The narrative around Kinect and how hackers and artists has always been a little oversimplified. You may have heard something like this: thanks to a bounty, creative individuals “hacked” Microsoft’s Kinect camera and made it open.
That’s true, but it isn’t the whole story. While there is a “hacked” Kinect toolset, most of the creative applications you’ve seen make use of a richer set of frameworks from OpenNI. “OpenNI” referred to an alliance of individuals and organizations, and was supposed to represent various interests, as well as what the group called on their Website “an open source SDK used for the development of 3D sensing middleware libraries and applications.”
And now the kinda-sorta-open thing is about to be a huge problem, with the sudden demise of OpenNI and no recourse for anyone using its tools. When you hear long-bearded gentlemen complaining about the vagaries of the term “open source” or “open,” this is the very thing that keeps them up at night.
First, OpenNI was always dominated by a single company, PrimeSense. And rightfully so: PrimeSense developed the core technologies in the first Kinect camera, and had the talent who knew how to use it. But that in turn meant that OpenNI was heavily skewed toward that one vendor.
Second, “open” was used to describe the whole project, when the whole project wasn’t open.
And now the entire project is about to shutter. PrimeSense was bought by Apple, and the direct result of that acquisition (as I and many others predicted) as the demise of OpenNI.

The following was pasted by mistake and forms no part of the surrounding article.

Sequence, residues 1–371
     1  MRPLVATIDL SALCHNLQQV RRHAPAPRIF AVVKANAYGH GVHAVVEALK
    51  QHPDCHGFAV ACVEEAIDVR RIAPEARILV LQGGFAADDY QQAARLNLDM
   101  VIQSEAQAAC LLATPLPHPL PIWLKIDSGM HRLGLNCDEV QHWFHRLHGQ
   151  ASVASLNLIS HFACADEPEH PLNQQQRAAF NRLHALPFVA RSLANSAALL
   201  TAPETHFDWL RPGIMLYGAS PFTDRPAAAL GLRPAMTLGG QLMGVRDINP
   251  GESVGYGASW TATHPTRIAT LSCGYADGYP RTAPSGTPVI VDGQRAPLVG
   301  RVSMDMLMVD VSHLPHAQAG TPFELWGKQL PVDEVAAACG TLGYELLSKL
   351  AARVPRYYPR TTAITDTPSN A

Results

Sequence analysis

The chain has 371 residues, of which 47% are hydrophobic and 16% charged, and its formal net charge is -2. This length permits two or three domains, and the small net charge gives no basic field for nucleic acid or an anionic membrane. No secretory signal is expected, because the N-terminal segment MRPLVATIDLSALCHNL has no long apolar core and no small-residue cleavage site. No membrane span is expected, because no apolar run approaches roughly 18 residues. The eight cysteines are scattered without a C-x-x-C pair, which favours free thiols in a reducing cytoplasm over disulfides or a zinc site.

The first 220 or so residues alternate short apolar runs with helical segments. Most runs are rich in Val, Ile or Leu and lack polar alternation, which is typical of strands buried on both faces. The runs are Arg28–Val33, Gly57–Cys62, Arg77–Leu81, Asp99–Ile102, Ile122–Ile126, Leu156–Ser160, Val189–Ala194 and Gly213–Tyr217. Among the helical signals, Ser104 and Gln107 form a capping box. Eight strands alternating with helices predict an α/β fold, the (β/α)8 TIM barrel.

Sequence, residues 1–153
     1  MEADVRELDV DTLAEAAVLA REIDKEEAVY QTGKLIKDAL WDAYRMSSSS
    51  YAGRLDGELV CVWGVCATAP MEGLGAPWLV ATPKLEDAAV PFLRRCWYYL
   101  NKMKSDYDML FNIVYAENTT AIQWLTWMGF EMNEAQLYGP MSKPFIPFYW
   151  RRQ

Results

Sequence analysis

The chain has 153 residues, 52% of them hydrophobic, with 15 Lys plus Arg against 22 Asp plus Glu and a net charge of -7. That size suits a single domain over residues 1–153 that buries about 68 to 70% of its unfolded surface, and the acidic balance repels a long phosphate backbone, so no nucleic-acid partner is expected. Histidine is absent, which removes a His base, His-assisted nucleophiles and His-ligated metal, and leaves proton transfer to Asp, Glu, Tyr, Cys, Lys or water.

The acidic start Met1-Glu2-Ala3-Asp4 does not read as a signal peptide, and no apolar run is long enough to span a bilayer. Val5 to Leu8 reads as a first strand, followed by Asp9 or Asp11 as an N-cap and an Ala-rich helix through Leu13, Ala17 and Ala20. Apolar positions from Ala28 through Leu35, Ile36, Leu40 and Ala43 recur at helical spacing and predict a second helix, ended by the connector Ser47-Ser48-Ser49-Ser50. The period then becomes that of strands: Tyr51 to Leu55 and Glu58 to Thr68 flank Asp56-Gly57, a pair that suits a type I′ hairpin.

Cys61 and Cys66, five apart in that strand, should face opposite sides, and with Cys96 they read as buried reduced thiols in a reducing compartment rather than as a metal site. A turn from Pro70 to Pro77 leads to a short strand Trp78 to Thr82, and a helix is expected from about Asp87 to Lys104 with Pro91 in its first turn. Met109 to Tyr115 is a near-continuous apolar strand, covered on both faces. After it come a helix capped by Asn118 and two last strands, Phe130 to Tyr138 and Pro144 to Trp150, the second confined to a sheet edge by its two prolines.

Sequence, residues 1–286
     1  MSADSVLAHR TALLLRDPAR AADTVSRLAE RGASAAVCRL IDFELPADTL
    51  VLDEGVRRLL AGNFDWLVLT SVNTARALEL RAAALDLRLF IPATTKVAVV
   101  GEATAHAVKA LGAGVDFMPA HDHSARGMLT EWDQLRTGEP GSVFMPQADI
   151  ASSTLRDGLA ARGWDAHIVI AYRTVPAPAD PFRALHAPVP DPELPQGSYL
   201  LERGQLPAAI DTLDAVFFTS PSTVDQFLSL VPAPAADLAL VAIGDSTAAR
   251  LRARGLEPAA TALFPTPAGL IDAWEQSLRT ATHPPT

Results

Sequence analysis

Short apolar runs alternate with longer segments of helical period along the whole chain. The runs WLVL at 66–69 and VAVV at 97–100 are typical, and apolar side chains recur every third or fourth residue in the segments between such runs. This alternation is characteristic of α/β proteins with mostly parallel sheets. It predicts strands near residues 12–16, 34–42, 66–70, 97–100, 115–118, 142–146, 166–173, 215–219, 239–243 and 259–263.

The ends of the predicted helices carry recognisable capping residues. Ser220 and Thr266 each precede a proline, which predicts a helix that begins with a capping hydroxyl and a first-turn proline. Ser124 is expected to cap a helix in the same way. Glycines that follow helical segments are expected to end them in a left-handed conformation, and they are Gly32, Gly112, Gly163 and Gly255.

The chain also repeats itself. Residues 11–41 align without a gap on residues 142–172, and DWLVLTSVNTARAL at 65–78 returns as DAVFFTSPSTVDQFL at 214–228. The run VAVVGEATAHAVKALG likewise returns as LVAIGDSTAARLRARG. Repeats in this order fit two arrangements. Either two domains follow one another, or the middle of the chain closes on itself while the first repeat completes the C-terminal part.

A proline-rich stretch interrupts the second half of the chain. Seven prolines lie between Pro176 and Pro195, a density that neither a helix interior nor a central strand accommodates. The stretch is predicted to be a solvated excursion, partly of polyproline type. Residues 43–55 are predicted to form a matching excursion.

In fact, with Apple splashing just this kind of creative technology all over their Website on the anniversary of the Mac, it’s deeply disappointing that Apple leadership isn’t intervening here. The closing of OpenNI is unceremonious and absent any kind of useful information. Visitors only get this:
“Software downloads will continue to be available until April 23rd, 2014 at which time the OpenNI website will be closed.”
Assuming both OpenNI and its site are dead, the question becomes how to redistribute and license the code. The issue is, there are two components. There’s the OpenNI SDK, which is under an open license and redistributable. But the good bits are part of what’s called “middleware” – additional, proprietary licenses. And that’s where the real magic of what Kinect does lies, the “skeleton tracking, hand point tracking, and gesture recognition.”
All of that is about to go away. And because NiTE is strictly proprietary, even the free (as in beer) downloads formerly used by artists are now off-limits.
This is likely to be an ongoing challenge with clever new depth-sensing camera technologies, because there is a lot of “special sauce” that is remaining proprietary. So far, the knowledge of how to make that work has been restricted enough to the proprietary sector that there aren’t really open source alternatives.
That said, in a bizarre twist of fate, you can actually look to Microsoft (no joke) for actually understanding open source technology and working with the community, as Apple does quite the opposite.
Microsoft’s previously-mentioned open SDK, while Windows-only, has better licensing, and will work with the new Kinect 2 camera. And Microsoft fully owns their technology, and has worked to integrate it recently with creative tools like Cinder (not to be confused with Tinder) and OpenFrameworks.
Developers in the community are already tracking the status of libraries, and which rely on the now-about-to-die NiTE.
We would love to join that effort at CDM. I’m doing additional research and will follow up next week. But in the meantime, please contact us in comments if you’d like to update us on the status of your own library or projects.
And OS X users, you may soon be looking at installing Windows. (Seriously, with Boot Camp, it’s super easy.)
See you next week with more.
Good news, Microsoft: Microsoft Embraces Open, Creative Coding: New Kinect openFrameworks, Cinder Integration